A note from the Durham County jail | Urban Archaeology | Indy Week
Pin It

A note from the Durham County jail 

One afternoon several years ago, I was meandering near a vacant lot south of the Durham County jail that had been scraped clean for the construction of the new courthouse. Scattered in the brown grass were shards of pink paper. The pattern of the tears mirrored one another in the way we used to cut snowflakes from construction paper in grade school.

I noticed there were letters on both sides—on the front a typed intake form from the jail, on the back a handwritten note in pencil—so I sifted the pieces from the dormant blades of grass and took them home. Once I puzzled it together, I realized the note had been written by an inmate weighing the pros and cons of being in jail.

I love to walk. There is no distance, given enough time and money, that I would not attempt to travel on my two short legs. During my expeditions, my eyes always scan the ground for interesting detritus.

Over the years in various cities, I've harvested from the streets love notes, a crushed metal cash register, playing cards, homework, a child's Christmas list, photos, a yellow medical bracelet that said "fall risk," an empty bag that had held emergency food rations, money—about $100 all told—and a kitten.

At night I empty my jeans pockets of ephemera and look for clues to how people live. That's the theme of this new column, Urban Archaeology: a record of found objects, photos, overheard dialogue, poignant scenes; the small, everyday true moments that define life in the Triangle.

This article appeared in print with the headline "He shall be released."

Latest in Urban Archaeology

Comments

Showing 1-1 of 1

Add a comment

 
Subscribe to this thread:
Showing 1-1 of 1

Add a comment

INDY Week publishes all kinds of comments, but we don't publish everything.

  • Comments that are not contributing to the conversation will be removed.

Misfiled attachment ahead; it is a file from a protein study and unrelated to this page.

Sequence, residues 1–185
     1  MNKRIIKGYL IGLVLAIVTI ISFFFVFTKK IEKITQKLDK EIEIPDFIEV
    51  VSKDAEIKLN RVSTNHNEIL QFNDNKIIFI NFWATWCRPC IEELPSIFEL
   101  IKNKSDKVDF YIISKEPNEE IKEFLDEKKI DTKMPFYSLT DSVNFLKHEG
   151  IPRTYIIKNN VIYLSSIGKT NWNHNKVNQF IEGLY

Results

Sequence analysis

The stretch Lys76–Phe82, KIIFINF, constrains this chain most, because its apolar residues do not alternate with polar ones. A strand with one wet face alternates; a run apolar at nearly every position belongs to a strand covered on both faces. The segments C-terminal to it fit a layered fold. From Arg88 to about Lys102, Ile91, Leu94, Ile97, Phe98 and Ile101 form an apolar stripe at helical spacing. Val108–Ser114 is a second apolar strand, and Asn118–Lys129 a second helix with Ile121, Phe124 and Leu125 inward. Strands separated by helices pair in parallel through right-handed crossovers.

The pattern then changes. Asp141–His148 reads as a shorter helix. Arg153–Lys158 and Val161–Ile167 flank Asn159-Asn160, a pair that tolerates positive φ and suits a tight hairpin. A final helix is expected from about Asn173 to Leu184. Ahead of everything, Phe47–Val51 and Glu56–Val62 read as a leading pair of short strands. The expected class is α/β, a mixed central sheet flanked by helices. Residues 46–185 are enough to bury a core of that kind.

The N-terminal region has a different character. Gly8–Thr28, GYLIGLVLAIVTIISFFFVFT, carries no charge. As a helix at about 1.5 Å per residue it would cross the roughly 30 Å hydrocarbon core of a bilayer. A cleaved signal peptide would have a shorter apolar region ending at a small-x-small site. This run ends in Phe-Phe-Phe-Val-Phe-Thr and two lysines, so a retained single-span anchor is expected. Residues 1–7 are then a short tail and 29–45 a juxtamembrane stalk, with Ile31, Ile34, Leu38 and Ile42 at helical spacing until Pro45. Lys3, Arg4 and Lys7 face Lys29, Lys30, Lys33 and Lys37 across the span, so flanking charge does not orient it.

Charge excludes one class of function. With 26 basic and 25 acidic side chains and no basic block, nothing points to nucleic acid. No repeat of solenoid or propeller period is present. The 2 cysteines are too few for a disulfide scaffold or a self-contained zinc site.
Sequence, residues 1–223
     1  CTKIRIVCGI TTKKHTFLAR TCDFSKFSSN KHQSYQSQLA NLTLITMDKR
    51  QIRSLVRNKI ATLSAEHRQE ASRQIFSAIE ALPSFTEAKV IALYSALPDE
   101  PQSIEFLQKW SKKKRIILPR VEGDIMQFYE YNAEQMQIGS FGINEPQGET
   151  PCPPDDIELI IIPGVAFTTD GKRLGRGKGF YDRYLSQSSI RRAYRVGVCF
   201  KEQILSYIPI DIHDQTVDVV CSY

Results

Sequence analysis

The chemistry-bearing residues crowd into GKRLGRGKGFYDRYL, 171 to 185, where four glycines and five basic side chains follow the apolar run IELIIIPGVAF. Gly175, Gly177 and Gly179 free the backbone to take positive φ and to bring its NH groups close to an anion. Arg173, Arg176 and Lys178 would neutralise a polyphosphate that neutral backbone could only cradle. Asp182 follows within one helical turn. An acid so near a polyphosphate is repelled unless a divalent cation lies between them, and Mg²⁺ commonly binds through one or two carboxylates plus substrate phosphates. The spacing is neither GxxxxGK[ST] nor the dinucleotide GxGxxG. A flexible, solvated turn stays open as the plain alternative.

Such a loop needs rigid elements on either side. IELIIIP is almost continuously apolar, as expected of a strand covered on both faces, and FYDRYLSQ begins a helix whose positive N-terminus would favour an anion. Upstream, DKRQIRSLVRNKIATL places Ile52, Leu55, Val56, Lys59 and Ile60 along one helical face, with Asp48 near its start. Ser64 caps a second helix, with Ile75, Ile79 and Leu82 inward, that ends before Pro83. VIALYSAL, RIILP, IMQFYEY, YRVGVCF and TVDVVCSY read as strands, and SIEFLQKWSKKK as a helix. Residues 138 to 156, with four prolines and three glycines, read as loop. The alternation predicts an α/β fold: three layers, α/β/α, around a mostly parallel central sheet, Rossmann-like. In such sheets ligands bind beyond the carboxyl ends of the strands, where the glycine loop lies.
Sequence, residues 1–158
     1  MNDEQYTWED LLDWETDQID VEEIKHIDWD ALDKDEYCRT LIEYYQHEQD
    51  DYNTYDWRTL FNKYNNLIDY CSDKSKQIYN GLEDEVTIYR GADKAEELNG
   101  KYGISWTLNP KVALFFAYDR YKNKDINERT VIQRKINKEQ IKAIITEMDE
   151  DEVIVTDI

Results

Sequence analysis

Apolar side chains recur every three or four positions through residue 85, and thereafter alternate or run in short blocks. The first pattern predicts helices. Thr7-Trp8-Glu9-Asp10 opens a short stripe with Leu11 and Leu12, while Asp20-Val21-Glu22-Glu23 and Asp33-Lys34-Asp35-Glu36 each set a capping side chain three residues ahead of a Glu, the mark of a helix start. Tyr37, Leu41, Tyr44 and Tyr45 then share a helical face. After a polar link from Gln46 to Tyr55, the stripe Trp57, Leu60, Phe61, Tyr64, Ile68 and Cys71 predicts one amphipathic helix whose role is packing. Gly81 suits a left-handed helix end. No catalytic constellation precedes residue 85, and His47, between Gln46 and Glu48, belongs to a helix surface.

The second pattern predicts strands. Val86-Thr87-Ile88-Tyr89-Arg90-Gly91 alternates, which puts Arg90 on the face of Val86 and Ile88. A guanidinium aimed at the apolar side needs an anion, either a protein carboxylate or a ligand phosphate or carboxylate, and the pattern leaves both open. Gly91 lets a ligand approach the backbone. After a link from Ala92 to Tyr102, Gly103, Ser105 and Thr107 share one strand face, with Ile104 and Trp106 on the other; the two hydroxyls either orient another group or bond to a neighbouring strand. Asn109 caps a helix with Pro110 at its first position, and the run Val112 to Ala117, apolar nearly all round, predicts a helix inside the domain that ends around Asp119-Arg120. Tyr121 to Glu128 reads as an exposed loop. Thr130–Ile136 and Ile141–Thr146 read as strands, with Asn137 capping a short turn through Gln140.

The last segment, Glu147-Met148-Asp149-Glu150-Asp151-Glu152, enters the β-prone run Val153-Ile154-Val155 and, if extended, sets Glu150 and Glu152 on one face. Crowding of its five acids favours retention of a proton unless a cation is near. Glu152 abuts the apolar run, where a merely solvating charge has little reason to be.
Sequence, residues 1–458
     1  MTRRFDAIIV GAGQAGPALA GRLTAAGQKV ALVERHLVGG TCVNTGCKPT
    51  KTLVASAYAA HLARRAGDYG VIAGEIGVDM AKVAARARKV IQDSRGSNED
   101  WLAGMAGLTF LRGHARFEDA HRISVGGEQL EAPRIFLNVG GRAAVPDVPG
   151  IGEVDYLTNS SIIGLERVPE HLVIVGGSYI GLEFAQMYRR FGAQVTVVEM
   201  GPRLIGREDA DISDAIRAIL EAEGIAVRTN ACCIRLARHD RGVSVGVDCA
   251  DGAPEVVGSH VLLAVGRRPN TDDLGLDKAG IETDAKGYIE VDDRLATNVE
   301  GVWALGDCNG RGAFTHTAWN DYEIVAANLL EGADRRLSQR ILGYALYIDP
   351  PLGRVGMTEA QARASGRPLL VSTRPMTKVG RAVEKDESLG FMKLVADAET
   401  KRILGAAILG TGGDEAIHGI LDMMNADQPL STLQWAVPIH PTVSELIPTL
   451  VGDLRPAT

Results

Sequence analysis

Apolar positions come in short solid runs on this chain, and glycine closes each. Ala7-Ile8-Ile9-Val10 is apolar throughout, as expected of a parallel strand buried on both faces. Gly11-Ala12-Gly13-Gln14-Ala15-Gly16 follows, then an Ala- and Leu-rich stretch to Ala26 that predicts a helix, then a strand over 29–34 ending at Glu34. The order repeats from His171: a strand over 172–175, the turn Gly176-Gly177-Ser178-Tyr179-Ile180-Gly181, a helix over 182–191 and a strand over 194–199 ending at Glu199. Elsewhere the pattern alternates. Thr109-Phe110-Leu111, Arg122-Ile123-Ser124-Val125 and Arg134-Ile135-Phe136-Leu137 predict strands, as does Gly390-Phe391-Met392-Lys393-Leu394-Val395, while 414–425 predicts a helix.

• Comments that include ad hominem attacks will also be removed.
  • Please do not copy and paste the full text of a press release.

Permitted HTML:
  • To create paragraphs in your comment, type <p> at the start of a paragraph and </p> at the end of each paragraph.
  • To create bold text, type <b>bolded text</b> (please note the closing tag, </b>).
  • To create italicized text, type <i>italicized text</i> (please note the closing tag, </i>).
  • Proper web addresses will automatically become links.

Latest in Urban Archaeology



Twitter Activity

Comments

Dear Lisa: Your mother was mistaken. My legal name is Santa Claus, and I live in North Pole, Alaska. My …

by Santa Claus on Urban Archaeology: "Is there a Santa Claus?" (Urban Archaeology)

I saw the full pamphlet that included this in a laundromat; it is from the Jehovah's witnesses, and it actually …

by RichFNJames on Where we come from (Urban Archaeology)

Most Read

  1. Not a Lot of Nazi Statues in Berlin (Letters to the Editor)

Most Recent Comments

Dear Lisa: Your mother was mistaken. My legal name is Santa Claus, and I live in North Pole, Alaska. My …

by Santa Claus on Urban Archaeology: "Is there a Santa Claus?" (Urban Archaeology)

I saw the full pamphlet that included this in a laundromat; it is from the Jehovah's witnesses, and it actually …

by RichFNJames on Where we come from (Urban Archaeology)

Wow, how sweet to see this in the Indy!

When Arabella was two years old she said that she …

by Lauren C. K. Goslin on Mrs. Lauren, you are loved (Urban Archaeology)

Cute!

by Arthur B Raleigh on Mrs. Lauren, you are loved (Urban Archaeology)

Lisa Sorg is my favorite columnist of all time

by Anthony Corriveau on Fab found fashion (Urban Archaeology)

© 2017 Indy Week • 320 E. Chapel Hill St., Suite 200, Durham, NC 27701 • phone 919-286-1972 • fax 919-286-4274
RSS Feeds | Powered by Foundation